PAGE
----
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Evacuations lifted for Tunnel Fire, U.S. 89 reopens after 5-day closure

Evacuations lifted for Tunnel Fire, U.S. 89 reopens after 5-day closure

MARBLE CANYON, Ariz.

The Coconino County Sheriff’s Office on Sunday lifted all evacuation orders as firefighters continued containing the Tunnel Fire burning near Kinłání-Dook’o’oosłííd.

The Tunnel Fire burned 21,164 acres with 3% containment on Sunday evening. The fire has been burning for nearly a week. Firefighting crews remain in the area and continue relief efforts within the Timberline Estates and Wupatki Trails subdivisions.

Crews are constructing a line between O’Leary Peak and Black Mountain, and they may conduct burnout operations to secure the fireline – a fuel break – if needed. Crews are also working the spot fire on 89 Mesa and constructing a fireline in the Strawberry Crater Wilderness area.

Residents returning to the area are reminded that the conditions and status of evacuation levels could change based on fire behavior.

At least two dozen buildings have been destroyed, fire officials said. Arizona Gov. Doug Ducey declared a state of emergency in the county. The emergency remains in effect.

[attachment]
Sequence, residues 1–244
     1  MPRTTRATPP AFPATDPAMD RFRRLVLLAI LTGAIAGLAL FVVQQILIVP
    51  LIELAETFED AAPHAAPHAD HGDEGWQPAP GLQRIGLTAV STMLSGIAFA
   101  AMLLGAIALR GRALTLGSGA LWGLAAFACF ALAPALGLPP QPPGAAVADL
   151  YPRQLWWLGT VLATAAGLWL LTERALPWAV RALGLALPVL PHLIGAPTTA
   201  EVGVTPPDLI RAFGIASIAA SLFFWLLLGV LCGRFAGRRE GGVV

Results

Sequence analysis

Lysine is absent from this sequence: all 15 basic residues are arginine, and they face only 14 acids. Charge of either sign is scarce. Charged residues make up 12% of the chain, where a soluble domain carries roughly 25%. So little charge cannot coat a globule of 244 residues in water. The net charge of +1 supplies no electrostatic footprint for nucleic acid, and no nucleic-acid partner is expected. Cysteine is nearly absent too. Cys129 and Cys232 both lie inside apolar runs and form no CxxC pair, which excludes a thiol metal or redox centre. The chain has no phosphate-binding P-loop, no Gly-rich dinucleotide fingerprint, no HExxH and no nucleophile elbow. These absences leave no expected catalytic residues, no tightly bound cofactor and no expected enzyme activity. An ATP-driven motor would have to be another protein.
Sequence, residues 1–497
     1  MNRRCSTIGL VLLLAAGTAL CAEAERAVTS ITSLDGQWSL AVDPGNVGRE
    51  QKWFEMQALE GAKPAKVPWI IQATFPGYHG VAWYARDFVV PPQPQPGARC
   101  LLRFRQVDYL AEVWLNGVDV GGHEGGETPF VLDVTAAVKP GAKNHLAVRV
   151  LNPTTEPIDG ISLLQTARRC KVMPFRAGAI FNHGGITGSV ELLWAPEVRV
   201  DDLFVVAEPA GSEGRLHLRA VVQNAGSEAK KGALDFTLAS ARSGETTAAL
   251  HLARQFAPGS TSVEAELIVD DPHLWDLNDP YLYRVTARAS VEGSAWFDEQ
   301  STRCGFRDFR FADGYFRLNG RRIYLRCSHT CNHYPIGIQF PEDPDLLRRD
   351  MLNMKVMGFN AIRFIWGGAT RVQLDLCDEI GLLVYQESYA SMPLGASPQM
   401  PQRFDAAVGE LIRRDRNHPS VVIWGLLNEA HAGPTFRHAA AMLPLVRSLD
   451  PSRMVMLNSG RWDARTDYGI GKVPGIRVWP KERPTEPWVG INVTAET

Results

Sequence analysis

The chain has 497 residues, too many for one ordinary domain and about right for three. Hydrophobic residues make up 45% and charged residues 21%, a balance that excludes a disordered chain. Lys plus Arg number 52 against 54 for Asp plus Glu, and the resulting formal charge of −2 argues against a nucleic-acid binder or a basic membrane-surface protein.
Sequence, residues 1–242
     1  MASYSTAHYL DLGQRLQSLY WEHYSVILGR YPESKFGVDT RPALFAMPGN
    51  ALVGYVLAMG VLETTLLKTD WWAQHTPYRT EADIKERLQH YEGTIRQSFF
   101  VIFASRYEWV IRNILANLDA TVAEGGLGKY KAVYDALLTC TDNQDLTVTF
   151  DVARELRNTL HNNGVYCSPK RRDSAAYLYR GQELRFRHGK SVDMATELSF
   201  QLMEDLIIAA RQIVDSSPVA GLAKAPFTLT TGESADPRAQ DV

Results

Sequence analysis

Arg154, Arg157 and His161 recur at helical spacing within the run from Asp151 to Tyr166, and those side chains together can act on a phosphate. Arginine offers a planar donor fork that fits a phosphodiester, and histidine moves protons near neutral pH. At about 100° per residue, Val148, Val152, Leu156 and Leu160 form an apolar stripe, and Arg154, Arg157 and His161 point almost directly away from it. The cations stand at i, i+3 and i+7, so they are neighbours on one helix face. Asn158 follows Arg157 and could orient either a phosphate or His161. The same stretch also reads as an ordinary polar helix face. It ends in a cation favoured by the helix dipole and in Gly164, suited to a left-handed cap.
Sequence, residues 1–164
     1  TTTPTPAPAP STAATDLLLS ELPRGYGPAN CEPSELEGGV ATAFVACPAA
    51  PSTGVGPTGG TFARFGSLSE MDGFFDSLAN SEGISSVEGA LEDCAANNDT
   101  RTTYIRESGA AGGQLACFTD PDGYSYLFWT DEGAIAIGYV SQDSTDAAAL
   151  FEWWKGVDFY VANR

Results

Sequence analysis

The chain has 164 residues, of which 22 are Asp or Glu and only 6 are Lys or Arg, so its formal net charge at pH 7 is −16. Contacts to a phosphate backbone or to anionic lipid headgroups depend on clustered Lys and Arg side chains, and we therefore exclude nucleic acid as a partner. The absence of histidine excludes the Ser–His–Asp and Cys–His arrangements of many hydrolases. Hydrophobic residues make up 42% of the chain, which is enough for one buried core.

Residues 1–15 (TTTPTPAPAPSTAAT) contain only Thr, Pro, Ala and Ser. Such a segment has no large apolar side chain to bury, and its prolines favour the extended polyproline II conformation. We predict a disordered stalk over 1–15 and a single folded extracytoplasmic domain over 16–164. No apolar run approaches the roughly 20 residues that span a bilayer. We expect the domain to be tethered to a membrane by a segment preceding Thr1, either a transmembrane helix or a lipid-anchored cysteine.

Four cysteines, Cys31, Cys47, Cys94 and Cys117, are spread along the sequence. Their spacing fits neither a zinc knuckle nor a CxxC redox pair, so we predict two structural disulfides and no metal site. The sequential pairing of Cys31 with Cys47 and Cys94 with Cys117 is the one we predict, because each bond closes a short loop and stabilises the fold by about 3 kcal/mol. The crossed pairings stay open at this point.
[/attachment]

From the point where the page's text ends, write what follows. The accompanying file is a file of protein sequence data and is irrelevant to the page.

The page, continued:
“The families were allowed back in at 9 a.m.,” said Lena Fowler, supervisor for Coconino County District 5. “They were allowed in first up to noon.

“The evacuation happened up to the summit and down,” she explained on Sunday evening. “So, it’s a short area, and U.S. Highway 89 is the main corridor. After that, at 1 p.m., was when they opened Highway 89.”

Route 89 reopened around 1 p.m. The five-day road closure caused travelers to detour through Leupp or the Grand Canyon.

Caution is advised as there will be increased traffic as firefighters continue patrolling and mopping up areas of heat, according to Coconino National Forest’s April 24 fire report.

The report reads that the landscape is dynamic immediately after a fire, and travel within the fire area can be hazardous.

Examples of hazards include weakened fire trees that may fall without warning, loss of ground vegetation that can loosen rolling debris, and rocks and ash pits from stumps that may look benign, which holds hot ash for quite a while and can cause severe burns if stepped in.

As interior islands of vegetation burn and large logs and stumps smolder, smoke will be present.


About The Author

Krista Allen

Krista Allen, based in Kaibeto, is the assistant editor of the Navajo Times.

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